<%response.buffer=true%> <% yere = year(date()) Response.Expires = 0 %> JavaScript Intro
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JavaScript Intro

JavaScript In Perspective: JavaScript is a predominantly "client side" scripting language used for a large variety of tasks, such as form validation, event handling (such as rollovers), DHTML and more. JavaScript was first created by the developers of Netscape, and has been the client side scripting language of choice, since it is the most universal.

JavaScript Is A Scripting Language: JavaScript code (on the client side) is embedded directly into the HTML page, usually in the <head> tag. Scripting languages are different than compiled languages, because the code is read, and compiled on the fly, making the code inherently slower than a compiled language. Scripting languages however can be more easily changed with a simple text editor, and do not need to go through the compilation process. Scripting languages are usually sufficiently fast for web pages.

Client Side vs. Server Side Scripting: JavaScript is capable of being used on the server or the client side of web scripting. Server side scripting is used for interaction with the user, and is frequently used to create dynamic pages by interacting with a database. Client side scripting is designed to run on the user's machine, and as such is cut off from the server while it is running. Nevertheless, any work that can be done on the client is best done there, as any processing there takes a load off a busy server. Form processing, navigation and DHTML all benefit from client side JavaScript. This class will focus almost entirely on client side JavaScript.

Browser Differences : How client side scripting is handled can depend on the browser involved. With client side scripting, the JavaScript is run by the browser currently being used to view the web page. There are differences in how browsers are designed, and therefore differences in how JavaScript is processed. One such difference appears in how the document object model is handled.

JavaScript Formatting: JavaScript can be inserted in various places in an HTML page, usually in the <head> tag.  JavaScript must reside inside <script> and </script> tags.  Usually the scripting language should be specified, however since JavaScript is usually the default client side scripting language, this may not be necessary.  The format of a typical JavaScript looks like this:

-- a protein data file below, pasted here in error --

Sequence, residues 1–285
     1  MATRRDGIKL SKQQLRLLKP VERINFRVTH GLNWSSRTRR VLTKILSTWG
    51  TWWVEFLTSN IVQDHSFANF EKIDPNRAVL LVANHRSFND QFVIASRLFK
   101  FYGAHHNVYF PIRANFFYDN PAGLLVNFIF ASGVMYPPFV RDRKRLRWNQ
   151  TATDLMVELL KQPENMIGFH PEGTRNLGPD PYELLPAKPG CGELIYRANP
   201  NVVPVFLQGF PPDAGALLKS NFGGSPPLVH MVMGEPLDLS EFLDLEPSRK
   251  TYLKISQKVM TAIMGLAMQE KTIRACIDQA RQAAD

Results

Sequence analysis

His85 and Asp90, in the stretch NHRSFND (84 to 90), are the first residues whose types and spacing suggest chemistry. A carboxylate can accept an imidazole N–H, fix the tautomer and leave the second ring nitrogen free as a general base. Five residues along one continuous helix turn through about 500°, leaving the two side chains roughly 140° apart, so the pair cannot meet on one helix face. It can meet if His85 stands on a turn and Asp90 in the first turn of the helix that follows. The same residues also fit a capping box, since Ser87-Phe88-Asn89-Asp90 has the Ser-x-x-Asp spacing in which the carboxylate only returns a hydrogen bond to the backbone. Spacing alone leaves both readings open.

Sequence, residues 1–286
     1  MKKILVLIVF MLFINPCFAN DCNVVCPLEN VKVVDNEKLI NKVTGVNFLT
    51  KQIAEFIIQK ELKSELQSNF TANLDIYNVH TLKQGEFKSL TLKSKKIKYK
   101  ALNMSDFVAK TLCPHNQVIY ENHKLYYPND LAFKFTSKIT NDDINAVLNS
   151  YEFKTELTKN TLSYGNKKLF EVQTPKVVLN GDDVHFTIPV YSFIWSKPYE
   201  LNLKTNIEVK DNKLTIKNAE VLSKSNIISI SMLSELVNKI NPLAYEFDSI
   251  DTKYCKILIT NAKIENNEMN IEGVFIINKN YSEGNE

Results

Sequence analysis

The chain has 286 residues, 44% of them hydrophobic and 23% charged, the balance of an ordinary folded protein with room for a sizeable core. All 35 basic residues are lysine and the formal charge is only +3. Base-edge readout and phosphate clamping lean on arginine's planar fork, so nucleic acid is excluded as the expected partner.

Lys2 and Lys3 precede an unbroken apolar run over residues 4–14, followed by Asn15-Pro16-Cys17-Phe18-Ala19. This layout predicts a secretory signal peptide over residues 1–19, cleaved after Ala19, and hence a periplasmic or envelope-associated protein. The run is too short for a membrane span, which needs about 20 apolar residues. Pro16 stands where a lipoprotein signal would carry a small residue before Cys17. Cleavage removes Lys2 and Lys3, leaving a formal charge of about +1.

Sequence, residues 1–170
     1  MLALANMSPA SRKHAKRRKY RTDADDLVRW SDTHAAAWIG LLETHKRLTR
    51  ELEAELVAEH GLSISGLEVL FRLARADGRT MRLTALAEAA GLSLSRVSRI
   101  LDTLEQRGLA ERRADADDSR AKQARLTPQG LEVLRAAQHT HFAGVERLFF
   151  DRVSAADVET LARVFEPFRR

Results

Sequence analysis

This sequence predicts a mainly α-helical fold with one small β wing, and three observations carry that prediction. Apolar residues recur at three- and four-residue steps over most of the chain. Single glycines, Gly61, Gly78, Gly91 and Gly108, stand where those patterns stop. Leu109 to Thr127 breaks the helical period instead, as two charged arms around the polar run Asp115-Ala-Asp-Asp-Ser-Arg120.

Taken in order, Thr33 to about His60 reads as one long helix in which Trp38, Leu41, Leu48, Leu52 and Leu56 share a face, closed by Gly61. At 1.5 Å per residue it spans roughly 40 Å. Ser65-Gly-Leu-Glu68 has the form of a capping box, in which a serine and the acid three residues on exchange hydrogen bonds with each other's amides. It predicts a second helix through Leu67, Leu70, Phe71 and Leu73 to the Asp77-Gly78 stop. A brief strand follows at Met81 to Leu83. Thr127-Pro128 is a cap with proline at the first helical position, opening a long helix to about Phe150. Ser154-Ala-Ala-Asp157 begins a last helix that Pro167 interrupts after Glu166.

<script language="JavaScript">

    //Code goes here

</script>

Notice the comment tag (//Code goes here) that is inserted in the text. The double slashes indicate that no code will be executed beyond that point on that particular line of code.

Any text following "//" on a line (until the lines end) is considered a comment, and not executed. You may also use the characters /* and */ to contain a larger comment, and this comment can span multiple lines.

Since JavaScript is usually the "default" client side language, code may run just fine without indicating language="JavaScript". It is advised that you insert the language indication anyway. It is also advised NOT to indicate the JavaScript version you may be addressing as the browser will have more flexibility in trying to run your code if you are not specific.

Keywords are words that have special meaning in JavaScript. These words must be used in accordance to JavaScript rules and can't be used as variable or function names. Some common keywords are break, do, else, for, this, true, false, if, var, void, null, return, while, function, in and switch. If we are tempted to use a word that logically is very close to a keyword, the suggestion is to attach the prefix "my" to it, ie: myFunction.

Functions are re-useable sections of code. Some are built into the JavaScript engine and the user can create their own. Usually a function is designed to change or effect an item that is passed into it.

JavaScript is case sensitive on variables or functions you create. All keywords are in lower case. JavaScript ignores white space, and line breaks. Use a semi-colon to indicate the end of a complete command (statement).

Identifiers: Variables and functions are called identifiers. Identifiers usually consist of letters and numbers, but must not start with a number.